- Mr. Stallard’s Claim Was Not Filed Too Late. The Black Lung Benefits Act requires that claims be filed within 3 years of “a medical determination of total disability due to pneumoconiosis.” 30 U.S.C. § 932(f). Westmoreland Coal argued that, taking these medical determinations together, because Mr. Stallard was told in 1990 that he had black lung and advised in 1993 that he should stop working, that his time limit expired far before he filed in claim in 2011. The Fourth Circuit rejected this argument because “No one doctor communicated to Stallard a diagnosis of both total disability and black lung disease.” The Court pointed out that the 1990 diagnosis of black lung said that it was “not severe” and “left open the possibility of Stallard returning to work.” And in 1993, the physicians merely advised Mr. Stallard not to return to work “and did not identify any underlying cause.” The Fourth Circuit thus concluded that given the “imprecise nature” of the medical determinations, “Stallard was never legally notified that he was totally disabled due to black lung disease.”
- The ALJ’s Finding Regarding Mr. Stallard’s Smoking History Is Supported by Substantial Evidence. Westmoreland Coal argued that when the ALJ found that Mr. Stallard only smoked a cigarette or two per day for 39 years (and thus had a 2 to 4 pack year history) the ALJ did not sufficiently account for evidence that Mr. Stallard smoked more. The Fourth Circuit rejected this factual dispute and said that “the totality of evidence on this front is largely inconsistent” and that the ALJ considered Westmoreland Coal’s argument but chose to credit Mr. Stallard’s testimony instead. The Fourth Circuit explained “although the ALJ here chose to accept the lower end of a relatively wide range of evidence, we have stressed that we must ‘be careful not to substitute our judgment for that of the ALJ.'” (quoting Harman Mining Co. v. Director, OWCP [Looney], 678 F.3d 305, 310 (4th Cir. 2012)).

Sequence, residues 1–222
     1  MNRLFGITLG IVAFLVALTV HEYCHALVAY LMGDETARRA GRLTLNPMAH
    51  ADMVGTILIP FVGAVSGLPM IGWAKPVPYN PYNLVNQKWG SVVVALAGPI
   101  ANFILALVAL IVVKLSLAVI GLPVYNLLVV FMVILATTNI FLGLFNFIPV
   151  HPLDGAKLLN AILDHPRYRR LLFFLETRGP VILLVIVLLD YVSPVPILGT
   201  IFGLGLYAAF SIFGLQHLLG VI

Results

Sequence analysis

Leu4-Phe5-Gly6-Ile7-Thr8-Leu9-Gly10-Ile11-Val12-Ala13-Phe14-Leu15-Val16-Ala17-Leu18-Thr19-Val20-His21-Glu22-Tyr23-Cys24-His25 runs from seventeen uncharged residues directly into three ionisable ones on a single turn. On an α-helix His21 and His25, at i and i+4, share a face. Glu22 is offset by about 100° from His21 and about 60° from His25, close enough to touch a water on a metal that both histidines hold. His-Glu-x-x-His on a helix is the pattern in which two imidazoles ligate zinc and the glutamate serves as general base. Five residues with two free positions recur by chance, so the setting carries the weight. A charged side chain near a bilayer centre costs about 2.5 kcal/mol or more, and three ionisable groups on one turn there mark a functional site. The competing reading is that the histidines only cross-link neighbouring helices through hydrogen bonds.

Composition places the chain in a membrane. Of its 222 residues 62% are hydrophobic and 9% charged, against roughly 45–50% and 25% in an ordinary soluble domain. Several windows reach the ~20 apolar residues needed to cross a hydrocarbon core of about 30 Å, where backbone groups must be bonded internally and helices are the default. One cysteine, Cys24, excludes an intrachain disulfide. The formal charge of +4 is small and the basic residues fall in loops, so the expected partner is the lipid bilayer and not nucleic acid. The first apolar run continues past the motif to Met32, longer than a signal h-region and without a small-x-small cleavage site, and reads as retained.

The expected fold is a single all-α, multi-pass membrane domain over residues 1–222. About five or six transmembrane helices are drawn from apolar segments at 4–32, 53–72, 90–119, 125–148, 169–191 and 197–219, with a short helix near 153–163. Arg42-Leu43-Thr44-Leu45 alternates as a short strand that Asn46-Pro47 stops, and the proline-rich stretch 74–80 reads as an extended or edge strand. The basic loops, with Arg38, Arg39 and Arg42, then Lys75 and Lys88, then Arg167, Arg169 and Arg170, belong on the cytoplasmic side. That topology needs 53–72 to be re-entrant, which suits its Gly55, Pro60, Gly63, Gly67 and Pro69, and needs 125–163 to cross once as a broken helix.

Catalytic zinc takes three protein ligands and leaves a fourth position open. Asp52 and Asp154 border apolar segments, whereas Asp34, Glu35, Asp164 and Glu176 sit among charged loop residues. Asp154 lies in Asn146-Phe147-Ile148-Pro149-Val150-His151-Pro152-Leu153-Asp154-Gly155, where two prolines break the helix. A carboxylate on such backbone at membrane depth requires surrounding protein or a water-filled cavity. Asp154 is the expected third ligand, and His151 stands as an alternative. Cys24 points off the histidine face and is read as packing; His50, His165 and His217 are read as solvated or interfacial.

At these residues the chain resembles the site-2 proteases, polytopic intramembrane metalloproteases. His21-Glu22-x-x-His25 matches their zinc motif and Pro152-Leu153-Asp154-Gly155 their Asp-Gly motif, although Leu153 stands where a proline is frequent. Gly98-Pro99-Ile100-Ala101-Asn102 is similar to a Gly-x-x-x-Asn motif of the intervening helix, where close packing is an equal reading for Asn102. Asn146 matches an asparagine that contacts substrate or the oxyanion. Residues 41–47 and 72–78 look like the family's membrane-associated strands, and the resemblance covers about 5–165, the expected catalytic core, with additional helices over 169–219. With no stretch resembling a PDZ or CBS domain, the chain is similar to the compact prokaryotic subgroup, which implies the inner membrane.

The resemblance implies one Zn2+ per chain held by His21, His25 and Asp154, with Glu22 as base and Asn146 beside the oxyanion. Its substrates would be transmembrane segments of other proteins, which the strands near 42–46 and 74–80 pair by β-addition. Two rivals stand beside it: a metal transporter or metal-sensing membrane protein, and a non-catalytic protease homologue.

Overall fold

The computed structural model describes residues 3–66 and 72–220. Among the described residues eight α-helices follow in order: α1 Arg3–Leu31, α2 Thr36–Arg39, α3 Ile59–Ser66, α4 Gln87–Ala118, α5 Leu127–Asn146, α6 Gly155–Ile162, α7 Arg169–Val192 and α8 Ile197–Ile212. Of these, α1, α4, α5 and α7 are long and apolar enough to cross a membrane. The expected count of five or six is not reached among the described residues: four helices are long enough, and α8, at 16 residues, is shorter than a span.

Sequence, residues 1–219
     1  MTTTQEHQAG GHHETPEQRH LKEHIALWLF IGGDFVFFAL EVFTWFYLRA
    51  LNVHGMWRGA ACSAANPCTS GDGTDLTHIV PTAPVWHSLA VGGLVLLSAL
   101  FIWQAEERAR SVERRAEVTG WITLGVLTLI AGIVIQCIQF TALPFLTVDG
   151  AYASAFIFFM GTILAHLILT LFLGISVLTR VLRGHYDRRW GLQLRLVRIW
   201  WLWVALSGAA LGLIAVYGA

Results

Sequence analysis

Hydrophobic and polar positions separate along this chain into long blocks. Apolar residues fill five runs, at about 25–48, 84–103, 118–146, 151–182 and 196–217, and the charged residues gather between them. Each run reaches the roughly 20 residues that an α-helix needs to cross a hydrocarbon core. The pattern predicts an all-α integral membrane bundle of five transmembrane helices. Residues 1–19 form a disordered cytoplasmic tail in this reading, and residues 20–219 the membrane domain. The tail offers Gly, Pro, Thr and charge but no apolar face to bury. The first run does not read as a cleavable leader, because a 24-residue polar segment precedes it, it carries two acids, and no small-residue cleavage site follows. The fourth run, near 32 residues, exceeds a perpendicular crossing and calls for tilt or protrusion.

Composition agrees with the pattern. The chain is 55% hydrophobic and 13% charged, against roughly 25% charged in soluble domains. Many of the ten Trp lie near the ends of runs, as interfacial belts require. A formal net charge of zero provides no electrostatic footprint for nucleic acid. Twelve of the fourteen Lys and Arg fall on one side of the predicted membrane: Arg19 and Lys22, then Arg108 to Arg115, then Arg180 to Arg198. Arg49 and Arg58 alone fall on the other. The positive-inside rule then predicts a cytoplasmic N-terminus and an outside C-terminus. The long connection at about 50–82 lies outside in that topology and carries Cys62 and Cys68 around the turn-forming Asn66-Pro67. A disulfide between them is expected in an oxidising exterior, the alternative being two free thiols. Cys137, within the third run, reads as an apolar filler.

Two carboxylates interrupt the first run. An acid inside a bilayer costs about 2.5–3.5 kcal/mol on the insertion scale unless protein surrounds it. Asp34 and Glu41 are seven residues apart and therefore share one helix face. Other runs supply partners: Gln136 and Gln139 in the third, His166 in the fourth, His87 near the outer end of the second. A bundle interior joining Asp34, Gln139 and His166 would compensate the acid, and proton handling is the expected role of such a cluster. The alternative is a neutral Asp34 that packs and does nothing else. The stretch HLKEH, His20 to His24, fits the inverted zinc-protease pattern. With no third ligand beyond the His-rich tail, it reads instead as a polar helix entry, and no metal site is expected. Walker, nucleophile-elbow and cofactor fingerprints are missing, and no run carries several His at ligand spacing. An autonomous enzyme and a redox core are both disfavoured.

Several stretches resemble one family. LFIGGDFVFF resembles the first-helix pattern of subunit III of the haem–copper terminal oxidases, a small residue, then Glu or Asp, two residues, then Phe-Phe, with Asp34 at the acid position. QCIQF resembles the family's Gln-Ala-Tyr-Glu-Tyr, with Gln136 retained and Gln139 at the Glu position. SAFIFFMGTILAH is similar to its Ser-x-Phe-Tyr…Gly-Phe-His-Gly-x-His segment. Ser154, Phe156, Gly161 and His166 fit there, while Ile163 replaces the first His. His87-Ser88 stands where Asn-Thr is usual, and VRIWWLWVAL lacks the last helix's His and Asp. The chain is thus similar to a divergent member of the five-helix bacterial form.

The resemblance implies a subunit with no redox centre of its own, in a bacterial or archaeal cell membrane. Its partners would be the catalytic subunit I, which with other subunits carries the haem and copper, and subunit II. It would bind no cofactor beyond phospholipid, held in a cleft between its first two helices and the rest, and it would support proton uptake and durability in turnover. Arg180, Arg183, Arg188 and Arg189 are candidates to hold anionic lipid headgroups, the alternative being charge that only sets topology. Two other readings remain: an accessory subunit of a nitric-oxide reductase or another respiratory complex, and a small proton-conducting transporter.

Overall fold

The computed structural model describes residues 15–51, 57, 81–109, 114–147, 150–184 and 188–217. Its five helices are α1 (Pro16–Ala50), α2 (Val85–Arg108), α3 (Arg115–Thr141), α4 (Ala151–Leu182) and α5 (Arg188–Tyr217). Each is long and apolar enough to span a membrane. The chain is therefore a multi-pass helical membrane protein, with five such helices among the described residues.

- The ALJ Properly Rejected Dr. Rosenberg’s FEV1/FVC Theory. Westmoreland Coal raised a technical, medical issue and argued that the ALJ erred in discounting Dr. Rosenberg’s use of Mr. Stallard’s FEV1/FVC ratio to explain why he did not think that coal-mine dust contributed to Mr. Stallard’s disabling COPD. The Fourth Circuit affirmed the ALJ’s rejection of this theory:“Dr. Rosenberg’s hypothesis regarding FEV1/FVC ratios runs directly contrary to the agency’s own conclusions in this regard. Specifically, the Labor Department’s regulatory Preamble cites various studies indicating that coal dust exposure does result in decreased FEV1/FVC ratios. See Regulations Implementing the Federal Coal Mine Health and Safety Act of 1969, as Amended, 65 Fed. Reg. 79,920–01, 79,943 (Dec. 20, 2000) (explaining that COPD stemming from exposure to coal dust “may be detected from decrements in certain measures of lung function, especially FEV1 and the ratio of FEV1/FVC” (emphasis added)). The Preamble is consistent with the corresponding regulation permitting claimants to demonstrate entitlement to Black Lung Act benefits based on a reduced FEV1/FVC ratio. 20 C.F.R. § 718.204(b)(2)(i)(C). It is appropriate to give “little weight … to medical findings that conflict with the [Black Lung Act]’s implementing regulations.” Lewis Coal Co. v. Dir., Office of Workers’ Comp. Programs, 373 F.3d 570, 580 (4th Cir. 2004). And, under substantially similar circumstances, we have held that ALJs are permitted to give less weight to medical opinions that draw on medical studies purporting to distinguish between smoking-induced COPD and black lung disease. See [Westmoreland Coal Co. v. ]Cochran, 718 F.3d [319,] 323–24 [(4th Cir. 2013)].”
Slip Op. at 14–15. And while Dr. Rosenberg said that he relied both on medical studies from before and after the Preamble (published in 2000), the Fourth Circuit said that his interpretation was based on “selective quotations” of the older studies that were contrary to the agency’s interpretation and “the more recent studies do not address black lung disease at all.”
The Fourth Circuit then pointed out that it had previously rejected the FEV1/FVC theory in unpublished decisions and the Sixth Circuit had rejected the theory in published and unpublished decisions. The court concluded: “In light of these authorities, as well as an ALJ’s general prerogative to discount medical opinions at odds with the conclusions adopted by the agency itself, we conclude that the ALJ did not err in rejecting Dr. Rosenberg’s opinion regarding the FEV1/FVC ratio’s ability to show particularized causation.”